"On Dec. 26, Notre Dame coaches were informed by Manti Te'o and his parents that Manti had been the victim of what appears to be a hoax in which someone using the fictitious name Lennay Kekua apparently ingratiated herself with Manti and then conspired with others to lead him to believe she had tragically died of leukemia," the statement reads. "While the proper authorities will continue to investigate this troubling matter, this appears to be, at a minimum, a sad and very cruel deception to entertain its perpetrators."
Athletic Director Jack Swarbrick elaborated on what the school knew in a press conference soon after.
"On the morning of December 26th, very early morning, Manti called his coaches to inform them that, while he was in attendance at the ESPN awards show in Orlando, he received a phone call from a number he recognized as having been that he associated with Lennay Kekua. When he answered it, it was a person whose voice sounded like the same voice he had talked to, who told him that she was, in fact, not dead," Swarbrick said. "Manti is the victim of that hoax, and he will carry that with him for a while."
In an interview Dec. 8, two days after Te'o allegedly received the phone call exposing the hoax, Te'o spoke about losing "my girlfriend" to cancer in an interview with a local television station.
The story's details have led many to believe Te'o was not a victim, but a perpetrator of the hoax. Te'o's conflicting statements seem to indicate that he stretched the truth at the very least—if there was no Kekua, whom did he speak with on the phone every night and with whom did he lock eyes after the Stanford game?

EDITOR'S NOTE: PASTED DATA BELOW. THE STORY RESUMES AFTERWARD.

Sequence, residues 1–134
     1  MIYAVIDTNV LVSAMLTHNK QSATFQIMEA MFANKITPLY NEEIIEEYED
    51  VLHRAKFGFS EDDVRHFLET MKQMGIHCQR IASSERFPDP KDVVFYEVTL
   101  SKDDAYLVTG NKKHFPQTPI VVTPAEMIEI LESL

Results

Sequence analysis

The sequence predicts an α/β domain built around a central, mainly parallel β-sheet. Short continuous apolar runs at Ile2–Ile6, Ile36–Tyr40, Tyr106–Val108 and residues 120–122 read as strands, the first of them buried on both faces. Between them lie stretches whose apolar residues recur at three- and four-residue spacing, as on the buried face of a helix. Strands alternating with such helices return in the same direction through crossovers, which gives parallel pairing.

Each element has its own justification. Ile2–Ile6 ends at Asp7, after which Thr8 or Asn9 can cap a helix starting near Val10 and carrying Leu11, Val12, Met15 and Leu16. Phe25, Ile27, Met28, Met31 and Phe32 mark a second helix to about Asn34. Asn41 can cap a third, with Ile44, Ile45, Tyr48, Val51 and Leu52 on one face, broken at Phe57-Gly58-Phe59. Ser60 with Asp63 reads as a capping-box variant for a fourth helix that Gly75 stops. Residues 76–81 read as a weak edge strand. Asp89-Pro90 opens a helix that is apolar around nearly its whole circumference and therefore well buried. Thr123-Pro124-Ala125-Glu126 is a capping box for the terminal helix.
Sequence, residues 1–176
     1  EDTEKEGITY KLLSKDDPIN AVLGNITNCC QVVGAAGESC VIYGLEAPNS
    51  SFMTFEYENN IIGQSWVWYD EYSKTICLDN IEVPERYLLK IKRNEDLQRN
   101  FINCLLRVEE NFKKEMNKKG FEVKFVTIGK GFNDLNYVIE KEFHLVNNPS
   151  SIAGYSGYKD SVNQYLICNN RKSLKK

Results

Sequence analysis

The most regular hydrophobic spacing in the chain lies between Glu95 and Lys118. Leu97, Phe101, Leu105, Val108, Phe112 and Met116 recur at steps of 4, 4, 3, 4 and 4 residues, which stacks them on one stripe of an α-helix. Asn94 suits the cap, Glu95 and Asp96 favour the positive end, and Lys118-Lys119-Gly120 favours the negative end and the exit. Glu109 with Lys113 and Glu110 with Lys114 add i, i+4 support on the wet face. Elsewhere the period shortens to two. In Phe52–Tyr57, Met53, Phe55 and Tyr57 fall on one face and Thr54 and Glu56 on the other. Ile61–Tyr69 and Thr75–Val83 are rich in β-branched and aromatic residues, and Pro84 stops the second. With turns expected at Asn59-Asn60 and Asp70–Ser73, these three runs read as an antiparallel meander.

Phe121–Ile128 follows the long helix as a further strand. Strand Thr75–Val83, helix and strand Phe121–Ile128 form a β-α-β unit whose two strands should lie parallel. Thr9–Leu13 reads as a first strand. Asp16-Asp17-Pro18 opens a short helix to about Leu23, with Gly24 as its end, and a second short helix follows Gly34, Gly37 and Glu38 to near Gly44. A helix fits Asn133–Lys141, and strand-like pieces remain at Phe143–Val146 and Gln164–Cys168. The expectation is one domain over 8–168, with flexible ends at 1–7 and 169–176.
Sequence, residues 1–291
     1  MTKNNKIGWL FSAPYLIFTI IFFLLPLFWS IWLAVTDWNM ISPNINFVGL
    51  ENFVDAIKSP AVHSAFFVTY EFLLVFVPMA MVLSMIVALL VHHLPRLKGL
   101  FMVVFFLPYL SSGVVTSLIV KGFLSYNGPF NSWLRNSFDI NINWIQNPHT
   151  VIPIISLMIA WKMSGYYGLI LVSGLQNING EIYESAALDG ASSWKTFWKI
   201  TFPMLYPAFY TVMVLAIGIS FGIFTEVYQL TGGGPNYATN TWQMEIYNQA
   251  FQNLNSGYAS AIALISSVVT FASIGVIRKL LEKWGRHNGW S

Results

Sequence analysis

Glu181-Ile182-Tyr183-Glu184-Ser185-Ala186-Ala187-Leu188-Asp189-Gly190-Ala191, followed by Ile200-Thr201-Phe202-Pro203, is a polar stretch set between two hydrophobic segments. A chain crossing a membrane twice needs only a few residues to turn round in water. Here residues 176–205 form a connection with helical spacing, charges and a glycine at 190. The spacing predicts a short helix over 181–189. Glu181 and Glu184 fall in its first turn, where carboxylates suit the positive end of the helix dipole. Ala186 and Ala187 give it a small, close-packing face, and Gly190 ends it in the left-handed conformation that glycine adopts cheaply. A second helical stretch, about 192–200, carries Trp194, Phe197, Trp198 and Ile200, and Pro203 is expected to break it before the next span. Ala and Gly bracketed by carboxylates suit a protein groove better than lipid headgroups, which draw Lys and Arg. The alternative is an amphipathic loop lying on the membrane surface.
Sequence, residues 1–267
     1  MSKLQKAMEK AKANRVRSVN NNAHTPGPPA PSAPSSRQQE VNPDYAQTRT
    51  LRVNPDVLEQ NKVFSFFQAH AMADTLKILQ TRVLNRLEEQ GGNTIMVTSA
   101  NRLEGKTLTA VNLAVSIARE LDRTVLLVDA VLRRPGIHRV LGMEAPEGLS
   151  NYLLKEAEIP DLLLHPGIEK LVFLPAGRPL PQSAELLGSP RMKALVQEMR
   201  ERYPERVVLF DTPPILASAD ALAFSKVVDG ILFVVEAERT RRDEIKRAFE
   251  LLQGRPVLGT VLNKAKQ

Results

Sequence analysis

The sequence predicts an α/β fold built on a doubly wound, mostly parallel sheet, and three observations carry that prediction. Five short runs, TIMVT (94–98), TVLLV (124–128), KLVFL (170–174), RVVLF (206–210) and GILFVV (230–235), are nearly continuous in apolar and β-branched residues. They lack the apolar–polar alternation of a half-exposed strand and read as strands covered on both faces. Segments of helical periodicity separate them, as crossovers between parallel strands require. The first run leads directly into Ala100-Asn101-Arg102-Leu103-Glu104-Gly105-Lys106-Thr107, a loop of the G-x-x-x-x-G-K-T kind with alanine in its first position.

A friend of Ronaiah Tuiasosopo, the person allegedly behind Kekua's online presence, told Deadspin he was "80 percent sure" that Manti Te'o was "in on it," for publicity purposes. The story also claims that friends of Tuiasosopo believe he not only created Kekua, but also that Te'o was not the only victim to be duped by her existence. Tuiasosopo's friend Reagan Maui'a, a fullback for the Arizona Cardinals, responded to the news of the Kekua hoax by saying "No, she is real."
"I don't think Manti was even in the picture, but she and I became good friends. We would talk off and on, just checking up on each other kind of thing. I am close to her family," he told ESPN. "When she was going through the loss of her father, I offered a comforting shoulder and just someone to bounce her emotions off. That was just from meeting her in Samoa."
Maui'a described Kekua's appearance as well.
"She was tall," he said. "Volleyball-type of physique. She was athletic, tall, beautiful. Long hair. Polynesian. She looked like a model."
Te'o originally agreed to an interview with ESPN on Thursday, but has since backed out, according to SB Nation.